I've always felt like I was a square peg forcing itself into a round hole. But to be fair, I've felt this way both in and out of the church. Very much so within, though. And since this blog deals mostly with religion:
The other day, Kiley over at We Were Going to Be Queens sought for some help regarding how to comfort suffering friends from a distance since she no longer found "I'm praying for you" to be neither honest nor sufficient.
Totally get it. Been on my mind as well.
One of my suggestions? Give her a gift certificate for a restaurant so they don't have to worry about dinner one night.
Kiley was really gracious, noting that she felt it was a good idea but also reminded me how Mormony this sounded. Dinners solve everything! So I laughed with both embarrassment and frustration that this had stayed with me--also that I still feel it's a good idea when necessary. It is nice to not have to worry about that when times are tough.
And you know, they are nice. I guess. I always hated bringing them because what if the receiver doesn't like what I make? And I always hated receiving them because what if I hate it? I'm a terrible actress and hardly a gracious one, wearing damn near everything on my sleeve. And let's not forget the annoyances of getting your tupperware back or returning them. So I never asked and never received unless I had just given birth and they were just given.
That was kind of our mode d'emploi with anything regarding our "need" for service. We felt we needed to balance out the people who took full advantage--you know "Hi, I know it's 8 a.m. on a Saturday and it's the only day of the week you have to get yr shit done around the house and the only time your family will see you but we are moving today and need some help could you help?"
And then, then! to discover that the moving family hadn't even bothered to fucking pack.
No, we could handle our own. We had family. We were able.
Dinners and everything just seemed like so much work. That said, we had more than one recipe added to our list after a few dinners were brought over. Sweet and sour chicken is among my favorites. The others are unavailable to us now that Eric has accepted his lactose intolerance, but still. And offering dinners yet remains a go to fantasy idea when I don't know what else to do because anything more personal is just too scary.
Then there are the cookies.
Cookies are the ever universal ice-breaker and offering of friendship. I did this, you did this, we all did this. If you can't get your foot in the door without cookies, you sure as hell should be able to with them. And they're also the great intercessory offering when you don't really want to interact with the person. Just drop 'em off at the door when you know they're not home or pretend you have to split for whatever reason.
I don't like giving gifts when the other person is there to receive. Maybe it is because I am so insecure or so ungraceful myself when I receive--I don't know how to read reactions, especially within the church where cookies are just the norm and fake smiles and thank-yous run rampant. When I give things, I generally do so rather genuinely and if the other person is there, I often allow my insecurity to find signs of annoyance or ungratefulness in the recipient even if such signs weren't there.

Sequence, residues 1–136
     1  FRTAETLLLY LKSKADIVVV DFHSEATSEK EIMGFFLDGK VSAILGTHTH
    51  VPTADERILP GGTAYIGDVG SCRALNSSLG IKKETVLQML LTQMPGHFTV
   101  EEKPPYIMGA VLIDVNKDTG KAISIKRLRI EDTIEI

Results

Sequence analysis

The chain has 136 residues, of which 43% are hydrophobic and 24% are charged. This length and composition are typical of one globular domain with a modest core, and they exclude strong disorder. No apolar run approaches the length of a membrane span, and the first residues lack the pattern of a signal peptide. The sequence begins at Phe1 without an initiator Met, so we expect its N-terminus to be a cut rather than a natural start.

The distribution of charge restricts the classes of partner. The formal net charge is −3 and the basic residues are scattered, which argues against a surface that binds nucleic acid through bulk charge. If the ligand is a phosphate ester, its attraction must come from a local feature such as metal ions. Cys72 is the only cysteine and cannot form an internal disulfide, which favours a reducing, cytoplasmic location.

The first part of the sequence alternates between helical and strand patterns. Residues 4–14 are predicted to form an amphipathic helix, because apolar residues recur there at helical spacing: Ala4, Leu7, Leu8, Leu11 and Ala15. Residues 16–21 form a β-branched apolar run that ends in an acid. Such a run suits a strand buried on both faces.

"Thank you so much!" could easily, by virtue of tone alone, be interpreted as "Oh...a fruitcake. How, uhm, nice. I'll put it with the others."
Also, the more ornate the packaging the better. A paper plate wrapped in plastic wrap is acceptable in a moment of desperation, but colorful cellophane is better. Tupperware is good, but a pretty basket with a card is better.
After I had Joseph, I had decided to learn to bake because it was the one thing I liked to do that other women in the church liked to do. And I knew I could be good at it. I was. I am.
But it's not as if many people in my ward knew about it--family did. Eric's co-workers certainly did, but ward members? Naw. I've never been all that proactive about these things. I made a batch for a missionary dinner, some for a really cool family who actually befriended us, but it didn't work for me, not in the way I'd hoped. I was putting a little part of me out there and got nothing in return. And I think that was the problem: I gave in the hopes of receiving--and isn't that the idea of cookies in the church?
Years before I did make snickerdoodles for my non-member neighbors who, i'll have you know, did not also receive some lame pamphlet or video or card or any bullshit like that. Not my style. Because nothing says "Hi I'm a nice person let's be friendly neighbors" than "Have some conditional friendship cookies because i'm a mormon and therefore nice YOU SHOULD BE MORMON (would you like to meet with the mishies?)"
Anyway. I baked cookies.
And I still want to give them out, but the desire is going away. Mostly because I'm lazy and a horrific procrastinator--but also because it and the dinner thing makes me feel all too Mormon. Because I feel desperate when I do. Like me please please! See? I'm just like you, I make cookies! And also because I hate cellophane (it's pretty and crinkly but terrible for the environment) and the feeling that I'm just not creative or feminine enough to make a proper plating of holiday cookies--how will my presentation be judged? I'm still learning the balance between the redneck simplicity of my youth with the self-aggrandizing basket of "goodies" for whoever, and how either makes me feel as a person.
I agree with Kiley in that these aren't necessarily bad things--cookies and dinner--but motherfuck. They make me feel dirty.